I marked my GPS track where I dropped my sails and again where I raised them and got underway after the storm had passed. I decided to lower the mizzen. I am not sure if this was a good idea. The mizzen was keeping the boat pointed into the wind and waves. With the mizzen down Skorpa began drifting broadside to the wind and waves. The anchor had gone out with 140 feet of line but there was no sign of it holding. I began to worry that it might suddenly catch and jerk the boat around. The anchor might become entangled preventing me from retrieving it, but there was no way I was going back up on the foredeck until the wind eased off. That was the hardest part I did not know how long the wind would continue to howl or if it would increase in speed. The waves began to build and some broke into the cockpit, I huddled on the windward side hoping my weight would help keep her from going over.
It was more than half an hour but less than an hour and the wind began to ease and the waves to diminish. I went forward and pulled in the anchor. It offered no resistance. Then I raised the mizzen and began straightening up the cockpit. I felt a little dazed. I was shivering. I could see a boat coming straight for me its bow high in the air. The SeaTow boat pulled right alongside and a young man asked if I was OK. I said I think so like I was not too sure. He flashed me a thumbs up sign and I gave him a thumbs up in return. He roared off. Just before the storm had hit I saw a few boats go racing by heading into the harbor. One of them must have let SeaTow know that a small sailboat had not made it in.
The wind had dropped to around 10 knots but I put two reefs in the sails. The sky was still dark off to the south and I just was not going to take any chances. I laid out some lunch so I could eat as I sailed towards Nantucket Harbor.
The lighthouse at Brant Point was a most welcome sight.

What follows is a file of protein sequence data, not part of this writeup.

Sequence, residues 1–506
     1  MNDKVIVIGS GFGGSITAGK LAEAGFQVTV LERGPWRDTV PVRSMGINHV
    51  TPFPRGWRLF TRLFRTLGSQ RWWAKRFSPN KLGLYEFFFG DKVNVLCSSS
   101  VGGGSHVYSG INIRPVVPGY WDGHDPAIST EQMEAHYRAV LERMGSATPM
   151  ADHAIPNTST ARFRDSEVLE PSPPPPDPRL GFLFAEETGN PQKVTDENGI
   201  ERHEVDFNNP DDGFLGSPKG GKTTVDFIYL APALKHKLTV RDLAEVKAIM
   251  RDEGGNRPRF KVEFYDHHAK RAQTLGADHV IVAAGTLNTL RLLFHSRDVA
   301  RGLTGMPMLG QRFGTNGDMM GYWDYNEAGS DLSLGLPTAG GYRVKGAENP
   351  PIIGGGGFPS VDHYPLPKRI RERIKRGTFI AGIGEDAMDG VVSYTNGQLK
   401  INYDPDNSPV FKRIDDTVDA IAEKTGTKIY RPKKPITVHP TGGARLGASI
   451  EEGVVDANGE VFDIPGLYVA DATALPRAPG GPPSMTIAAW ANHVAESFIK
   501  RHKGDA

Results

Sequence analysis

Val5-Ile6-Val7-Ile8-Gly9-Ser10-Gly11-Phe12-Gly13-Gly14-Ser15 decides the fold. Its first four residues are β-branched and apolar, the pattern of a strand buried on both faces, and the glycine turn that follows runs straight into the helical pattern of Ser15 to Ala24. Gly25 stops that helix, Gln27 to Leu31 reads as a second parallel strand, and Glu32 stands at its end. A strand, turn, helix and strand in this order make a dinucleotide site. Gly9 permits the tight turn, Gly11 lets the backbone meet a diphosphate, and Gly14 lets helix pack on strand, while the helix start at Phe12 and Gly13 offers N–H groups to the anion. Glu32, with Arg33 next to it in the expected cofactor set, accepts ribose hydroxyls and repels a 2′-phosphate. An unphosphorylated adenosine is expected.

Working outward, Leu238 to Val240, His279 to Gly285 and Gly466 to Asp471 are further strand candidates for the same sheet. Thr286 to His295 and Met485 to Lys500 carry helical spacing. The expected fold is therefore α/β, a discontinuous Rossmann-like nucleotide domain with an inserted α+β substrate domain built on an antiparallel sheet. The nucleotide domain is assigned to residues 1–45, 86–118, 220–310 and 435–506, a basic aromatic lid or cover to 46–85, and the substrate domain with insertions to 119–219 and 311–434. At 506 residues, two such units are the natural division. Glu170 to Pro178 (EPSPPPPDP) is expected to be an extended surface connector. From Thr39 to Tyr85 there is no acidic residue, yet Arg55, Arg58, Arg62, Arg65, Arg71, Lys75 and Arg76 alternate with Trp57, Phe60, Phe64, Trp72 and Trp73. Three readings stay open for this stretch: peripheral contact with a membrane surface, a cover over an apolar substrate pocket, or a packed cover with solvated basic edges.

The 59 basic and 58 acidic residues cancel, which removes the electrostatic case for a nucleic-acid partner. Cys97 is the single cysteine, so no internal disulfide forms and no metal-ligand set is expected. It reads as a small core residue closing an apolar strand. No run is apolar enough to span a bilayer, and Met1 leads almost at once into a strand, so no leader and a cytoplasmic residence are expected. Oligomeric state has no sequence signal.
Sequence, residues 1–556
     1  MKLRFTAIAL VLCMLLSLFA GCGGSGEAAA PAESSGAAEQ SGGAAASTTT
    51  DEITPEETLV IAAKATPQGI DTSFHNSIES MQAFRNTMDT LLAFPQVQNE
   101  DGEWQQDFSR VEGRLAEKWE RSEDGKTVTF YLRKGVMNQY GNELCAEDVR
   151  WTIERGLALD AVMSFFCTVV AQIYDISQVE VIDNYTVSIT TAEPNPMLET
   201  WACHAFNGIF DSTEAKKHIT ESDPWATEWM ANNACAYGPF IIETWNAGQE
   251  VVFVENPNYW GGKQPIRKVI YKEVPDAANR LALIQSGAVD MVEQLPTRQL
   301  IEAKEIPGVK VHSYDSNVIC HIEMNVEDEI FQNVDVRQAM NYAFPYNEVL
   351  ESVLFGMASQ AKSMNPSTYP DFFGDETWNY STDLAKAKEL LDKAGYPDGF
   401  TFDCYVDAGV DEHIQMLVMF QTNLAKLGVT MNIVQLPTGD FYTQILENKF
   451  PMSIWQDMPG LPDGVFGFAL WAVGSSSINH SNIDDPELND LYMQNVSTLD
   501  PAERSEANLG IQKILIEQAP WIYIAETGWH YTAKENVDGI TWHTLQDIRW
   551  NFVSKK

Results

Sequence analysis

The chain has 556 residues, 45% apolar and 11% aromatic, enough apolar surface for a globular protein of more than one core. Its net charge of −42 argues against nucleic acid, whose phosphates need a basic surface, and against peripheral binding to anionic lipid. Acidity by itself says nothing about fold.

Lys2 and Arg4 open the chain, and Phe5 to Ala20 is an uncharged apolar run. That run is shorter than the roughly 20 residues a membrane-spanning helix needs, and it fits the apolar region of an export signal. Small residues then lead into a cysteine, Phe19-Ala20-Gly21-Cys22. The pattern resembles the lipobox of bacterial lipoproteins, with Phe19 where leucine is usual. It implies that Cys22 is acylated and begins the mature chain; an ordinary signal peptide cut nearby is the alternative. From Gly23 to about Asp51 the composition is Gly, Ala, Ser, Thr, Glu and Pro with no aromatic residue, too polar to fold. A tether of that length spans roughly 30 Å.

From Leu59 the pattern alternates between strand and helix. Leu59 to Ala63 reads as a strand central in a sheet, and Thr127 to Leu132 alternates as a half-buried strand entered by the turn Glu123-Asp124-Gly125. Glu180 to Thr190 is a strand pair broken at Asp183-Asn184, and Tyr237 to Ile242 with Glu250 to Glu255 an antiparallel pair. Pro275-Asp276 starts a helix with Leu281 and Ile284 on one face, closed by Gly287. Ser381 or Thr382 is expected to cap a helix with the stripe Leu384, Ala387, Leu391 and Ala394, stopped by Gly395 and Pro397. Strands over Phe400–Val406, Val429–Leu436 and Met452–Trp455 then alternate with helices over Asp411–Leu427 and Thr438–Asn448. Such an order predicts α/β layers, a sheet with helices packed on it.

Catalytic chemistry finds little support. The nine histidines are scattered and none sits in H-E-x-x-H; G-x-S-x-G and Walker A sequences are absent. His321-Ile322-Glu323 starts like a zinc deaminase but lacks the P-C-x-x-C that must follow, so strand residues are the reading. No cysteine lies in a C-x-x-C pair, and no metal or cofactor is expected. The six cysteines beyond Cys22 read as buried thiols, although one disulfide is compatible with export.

The deep water in Nantucket harbor is crowded with vessels of all kinds.
Perfect for small boat sailing.
This photo is looking out the harbor entrance on Wednesday morning. I anchored Skorpa in close to the beach at Brant Point and hopped out for a walk around town.
There is a feeling of old money in the tree lined streets, sidewalks and roadways paved with brick and cobblestone and well preserved 19th century buildings.
Near the ferry docks the streets are crowded with tourists unloading from all over the world. Strangely similar but oddly different from 19th century Nantucket.
Thursday I sailed early on the first leg of my return to Point Judith. I sailed close by Tuckernuck Island and Muskeget Island to the Muskeget Channel. I met some stiff winds and chopping seas and sailed an hour or so under mizzen alone. When I reached the Muskeget Channel I had the choice of
sailing across the southern end of Martha's Vineyard or heading around Cape Poge and back the way I had come towards Vineyard Haven and Woods Hole and all the ferry traffic and strong currents.
The southern coast of Martha's Vineyard has no harbors no good places to seek shelter. A weak front was coming through so there were dark skies and gusty winds. I decided to take my chances with the ferries and currents.
The winds grew light and seemed to shift to always be on my nose. But finally after a glorious sunset over Woods Hole I coasted into Tarpaulin Cove around 9pm.
By morning the front had cleared and a fresh breeze was blowing from the north. I had some near perfect sailing conditions for the last leg back to Point Judith.